Thursday, December 20, 2007

How an ATSC Tuner Works

An ATSC tuner works by generating audio and video signals that are picked up from over the air TV broadcasts. ATSC tuners provide the following functions: demodulation, transport stream demultiplexing, decompression, error correction, analog to digital conversion, AV synchronization and media reformatting to fit the specific type of TV screen optimally.


Demodulation means that the signal that is pulled off the airways is transformed into a usable signal that your TV set can use to display quality images and quality sound.

Transport Stream Demultiplexing

In the US, multiple digital signals are combined and then transmitted from one antenna source to create over the air broadcasts. An ATSC receiver then is able to decode the transport stream and display it on your TV set.


Since digital signal that are broadcast over the air are compressed (packed smaller), once they are received by the ATSC tuner, these compressed packets of digital data are then unpacked to their original size or using the proper term decompressed.

Error Correction

Error correction is a technology that is used by the ATSC tuner to make sure that any data that is missing can be corrected. For instance, sometimes interference or a poor quality signal will cause the loss of data information that the ATSC tuner receives, with error correction, the tuner has the ability to perform a number of checks and repair data so that a signal can be viewed on a TV set.

Analog to Digital Conversion

Analog to digital conversion, sometimes called ADC or A to D refers to a technology in which an analog signal is converted into a digital signal. In the context of an ATSC tuner, an analog TV broadcast that is broadcasted over the air is received by the ATSC tuner and converted from its original analog signal to a new digital signal that can be viewed on a digital TV set.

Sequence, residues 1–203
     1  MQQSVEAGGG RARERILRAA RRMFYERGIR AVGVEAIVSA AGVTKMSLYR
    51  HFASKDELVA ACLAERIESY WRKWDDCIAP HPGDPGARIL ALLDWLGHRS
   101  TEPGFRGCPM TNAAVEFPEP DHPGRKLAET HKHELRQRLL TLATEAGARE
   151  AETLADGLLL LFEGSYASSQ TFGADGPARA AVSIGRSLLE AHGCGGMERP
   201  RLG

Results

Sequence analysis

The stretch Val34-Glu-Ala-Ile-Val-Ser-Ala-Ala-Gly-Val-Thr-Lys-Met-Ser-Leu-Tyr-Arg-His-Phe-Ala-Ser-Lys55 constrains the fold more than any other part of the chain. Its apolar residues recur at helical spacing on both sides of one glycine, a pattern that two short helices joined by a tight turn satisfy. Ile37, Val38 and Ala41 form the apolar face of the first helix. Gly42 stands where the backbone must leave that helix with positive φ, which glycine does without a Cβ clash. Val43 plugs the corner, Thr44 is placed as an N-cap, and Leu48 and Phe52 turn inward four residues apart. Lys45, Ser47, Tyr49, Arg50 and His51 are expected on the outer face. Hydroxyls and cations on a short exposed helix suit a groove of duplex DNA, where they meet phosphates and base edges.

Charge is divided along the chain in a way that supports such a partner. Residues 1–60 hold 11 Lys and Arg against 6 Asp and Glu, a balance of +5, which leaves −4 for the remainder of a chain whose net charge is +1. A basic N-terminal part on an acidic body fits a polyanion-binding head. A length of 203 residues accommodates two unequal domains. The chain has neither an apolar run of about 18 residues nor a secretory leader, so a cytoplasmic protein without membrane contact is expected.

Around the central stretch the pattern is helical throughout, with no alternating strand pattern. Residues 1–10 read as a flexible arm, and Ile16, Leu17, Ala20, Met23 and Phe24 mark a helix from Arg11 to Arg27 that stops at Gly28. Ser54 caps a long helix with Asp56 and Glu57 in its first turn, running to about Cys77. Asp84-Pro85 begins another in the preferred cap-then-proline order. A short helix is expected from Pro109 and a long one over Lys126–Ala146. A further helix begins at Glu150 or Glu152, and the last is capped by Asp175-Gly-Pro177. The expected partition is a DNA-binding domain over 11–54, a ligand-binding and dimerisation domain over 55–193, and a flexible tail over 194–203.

AV Synchronization

AV synchronization is the coordination of audio and video signals being displayed on your digital TV in proper time. AV synchronization makes sure that your audio sound doesn't lag behind the video that is being displayed on your TV set or vice versa. This technology makes sure that both your audio and video are in synch.

Media Reformatting

Media reformatting is extremely important because different TV sets format their images significantly different and can use several different technologies. For instance, a standard TV has an interlaced picture; where as a digital TV has a progressive scan picture.

"Interlaced" means that while there are 30 image frames being shown per second on a standard TV, every 1/60th, the TV refreshes only half the images. With progressive scan, the entire image is refreshed 60 times per second. TV's can come in different aspect ratios.

An aspect ratio is the shape of the TV screen. For example, a standard TV is boxy in shape with a 4:3 ratio, while digital TV's come in aspect ratios more in the shape of a 16:9 rectangle.

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